The previous blog post, “Drones in Community Association – Part I,” discussed the association’s regulation of the use of drones throughout and within the community.  This post will discuss the potential for associations to utilize drones in everyday management and maintenance tasks for the community.

The responsibility for the management and maintenance of the common elements rests on the shoulders of the association itself.  It is a fiduciary responsibility that must be taken seriously by the association board of directors.  Oftentimes the actions or inactions of the association board with regard to common elements may lead to expensive litigation.  While some issues cannot be avoided or even detected without invasive destructive testing, the use of drones could potentially open a new door for associations performing routine inspections.

On a larger scale, it is not always realistic for an association to hire someone to walk the entire property every day, or even every week.  Ordinarily, the person who is responsible for this task is the property manager.  The use of construction inspection consultants could lighten the burden on the property manager as the consultant could be hired to inspect.  Many construction inspection consultants are already using drones to conduct visual inspections for hard-to-access building locations. These inspections could be as simple as having a drone go over the common elements to assess the overall property conditions.  In addition, a property manager could inspect common elements which could encompass checking the pool for whether it needed cleaning, checking the lawn for whether it needed trimming, checking the parking spaces to ensure only authorized vehicles are parked in the residents’ parking places, etc.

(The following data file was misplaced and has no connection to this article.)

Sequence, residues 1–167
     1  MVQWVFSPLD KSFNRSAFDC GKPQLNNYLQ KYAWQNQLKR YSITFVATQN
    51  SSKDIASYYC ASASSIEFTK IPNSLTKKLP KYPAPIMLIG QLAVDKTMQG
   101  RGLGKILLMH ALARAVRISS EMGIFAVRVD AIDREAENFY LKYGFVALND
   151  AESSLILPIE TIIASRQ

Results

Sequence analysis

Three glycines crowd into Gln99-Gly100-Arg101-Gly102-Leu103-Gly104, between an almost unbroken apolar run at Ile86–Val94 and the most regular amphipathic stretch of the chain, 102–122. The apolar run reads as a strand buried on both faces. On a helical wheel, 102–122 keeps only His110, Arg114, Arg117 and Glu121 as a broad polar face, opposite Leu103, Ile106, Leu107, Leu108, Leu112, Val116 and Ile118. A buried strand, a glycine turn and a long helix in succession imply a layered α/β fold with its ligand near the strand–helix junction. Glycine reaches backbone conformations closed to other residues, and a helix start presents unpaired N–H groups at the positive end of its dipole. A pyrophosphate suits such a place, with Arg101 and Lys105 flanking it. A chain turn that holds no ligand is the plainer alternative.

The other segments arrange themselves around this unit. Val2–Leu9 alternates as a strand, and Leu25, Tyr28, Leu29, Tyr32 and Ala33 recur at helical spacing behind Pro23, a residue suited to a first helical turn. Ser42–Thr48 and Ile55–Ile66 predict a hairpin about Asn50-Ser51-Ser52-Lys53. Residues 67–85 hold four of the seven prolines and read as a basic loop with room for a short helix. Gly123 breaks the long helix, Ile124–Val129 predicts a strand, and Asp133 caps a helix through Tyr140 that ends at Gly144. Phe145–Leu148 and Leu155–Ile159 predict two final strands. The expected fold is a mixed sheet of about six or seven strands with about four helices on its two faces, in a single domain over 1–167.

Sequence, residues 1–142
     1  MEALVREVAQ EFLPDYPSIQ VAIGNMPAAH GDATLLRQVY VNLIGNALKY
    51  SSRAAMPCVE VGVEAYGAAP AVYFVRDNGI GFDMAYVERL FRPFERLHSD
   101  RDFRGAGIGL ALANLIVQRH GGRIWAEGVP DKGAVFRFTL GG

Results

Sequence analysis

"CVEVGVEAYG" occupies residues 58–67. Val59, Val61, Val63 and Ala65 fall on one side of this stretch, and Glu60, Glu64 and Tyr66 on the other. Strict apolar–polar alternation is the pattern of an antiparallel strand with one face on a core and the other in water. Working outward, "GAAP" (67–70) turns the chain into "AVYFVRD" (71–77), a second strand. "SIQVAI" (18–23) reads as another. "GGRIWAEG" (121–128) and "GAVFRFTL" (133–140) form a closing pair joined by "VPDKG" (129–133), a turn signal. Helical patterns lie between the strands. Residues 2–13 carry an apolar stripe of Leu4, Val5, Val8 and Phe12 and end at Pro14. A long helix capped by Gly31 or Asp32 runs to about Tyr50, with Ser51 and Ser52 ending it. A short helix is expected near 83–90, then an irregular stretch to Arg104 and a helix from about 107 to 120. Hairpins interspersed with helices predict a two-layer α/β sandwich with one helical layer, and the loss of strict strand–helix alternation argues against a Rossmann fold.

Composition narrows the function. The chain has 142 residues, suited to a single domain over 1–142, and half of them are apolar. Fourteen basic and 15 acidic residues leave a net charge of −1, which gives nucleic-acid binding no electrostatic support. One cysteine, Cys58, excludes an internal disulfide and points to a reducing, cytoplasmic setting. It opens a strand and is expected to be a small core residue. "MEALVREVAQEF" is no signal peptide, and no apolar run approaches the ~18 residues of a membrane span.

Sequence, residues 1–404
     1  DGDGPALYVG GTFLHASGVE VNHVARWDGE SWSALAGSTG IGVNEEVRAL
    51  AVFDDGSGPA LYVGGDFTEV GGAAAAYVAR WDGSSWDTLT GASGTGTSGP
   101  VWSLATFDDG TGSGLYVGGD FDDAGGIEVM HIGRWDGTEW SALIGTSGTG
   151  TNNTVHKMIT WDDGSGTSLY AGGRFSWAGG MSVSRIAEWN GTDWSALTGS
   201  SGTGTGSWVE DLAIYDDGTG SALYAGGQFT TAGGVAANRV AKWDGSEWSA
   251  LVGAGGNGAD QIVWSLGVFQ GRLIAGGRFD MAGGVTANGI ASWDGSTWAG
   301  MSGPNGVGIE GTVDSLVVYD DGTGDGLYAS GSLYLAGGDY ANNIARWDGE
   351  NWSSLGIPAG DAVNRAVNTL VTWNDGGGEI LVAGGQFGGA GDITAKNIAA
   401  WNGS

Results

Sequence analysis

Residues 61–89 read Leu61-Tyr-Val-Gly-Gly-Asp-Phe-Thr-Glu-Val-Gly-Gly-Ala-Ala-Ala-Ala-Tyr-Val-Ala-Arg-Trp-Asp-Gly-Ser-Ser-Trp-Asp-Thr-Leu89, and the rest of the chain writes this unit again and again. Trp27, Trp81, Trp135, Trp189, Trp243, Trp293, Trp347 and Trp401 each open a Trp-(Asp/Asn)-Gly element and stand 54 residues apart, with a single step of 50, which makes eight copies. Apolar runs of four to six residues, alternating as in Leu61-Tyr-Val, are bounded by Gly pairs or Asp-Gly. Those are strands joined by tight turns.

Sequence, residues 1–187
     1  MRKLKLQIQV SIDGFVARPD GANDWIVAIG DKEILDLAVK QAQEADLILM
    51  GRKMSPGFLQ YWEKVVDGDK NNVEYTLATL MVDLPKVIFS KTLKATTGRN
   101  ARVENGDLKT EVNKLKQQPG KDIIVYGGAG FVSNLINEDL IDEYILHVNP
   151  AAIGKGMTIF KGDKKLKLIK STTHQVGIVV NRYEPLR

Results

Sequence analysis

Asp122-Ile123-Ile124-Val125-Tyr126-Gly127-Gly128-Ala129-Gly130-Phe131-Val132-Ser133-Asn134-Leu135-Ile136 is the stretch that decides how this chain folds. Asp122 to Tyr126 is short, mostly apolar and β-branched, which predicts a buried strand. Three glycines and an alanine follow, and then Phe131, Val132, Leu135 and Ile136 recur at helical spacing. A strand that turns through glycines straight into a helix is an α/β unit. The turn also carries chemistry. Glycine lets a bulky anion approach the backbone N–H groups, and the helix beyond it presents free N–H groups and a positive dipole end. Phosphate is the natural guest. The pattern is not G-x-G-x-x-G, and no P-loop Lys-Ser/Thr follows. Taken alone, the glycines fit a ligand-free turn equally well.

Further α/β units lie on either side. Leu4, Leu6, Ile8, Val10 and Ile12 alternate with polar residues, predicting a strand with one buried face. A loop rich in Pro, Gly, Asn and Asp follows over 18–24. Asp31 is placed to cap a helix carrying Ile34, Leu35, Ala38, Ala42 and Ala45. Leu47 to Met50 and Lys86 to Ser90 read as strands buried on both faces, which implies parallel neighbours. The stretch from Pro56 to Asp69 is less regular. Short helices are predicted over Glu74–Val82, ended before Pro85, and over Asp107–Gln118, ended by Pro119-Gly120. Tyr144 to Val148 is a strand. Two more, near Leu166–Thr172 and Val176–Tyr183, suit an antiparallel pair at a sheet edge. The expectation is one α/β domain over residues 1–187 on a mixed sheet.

Not only would the drones perform these tasks faster and more efficiently, but there would be the ability to record every inspection, which would be beneficial for future inspections, repairs, and potential litigation.  The association should obtain a legal opinion as to whether the inspection videos are to be considered Official Records and further develop protocol for storage of such videos.  In Florida, one area where drones could be extremely beneficial is the ability to look at the roofs, and higher elevations of stucco.  In addition to basic inspections, drones could help discover and record declaration violations.  For example, a drone could detect if a unit owner had a grill on a tenth or eleventh floor balcony or they were making improper alterations to the common elements.  This would be a tool for the board of directors to ensure that the unit owners are following the declarations, bylaws, and rules and regulations.

The use of drones in community associations must abide by the state and federal laws and keep in mind the privacy rights of its residents.  With all of that being said, the rise of technology may soon make the jobs of property managers easier and more efficient, while keeping an accurate depiction of the property condition on a more accessible and regular basis.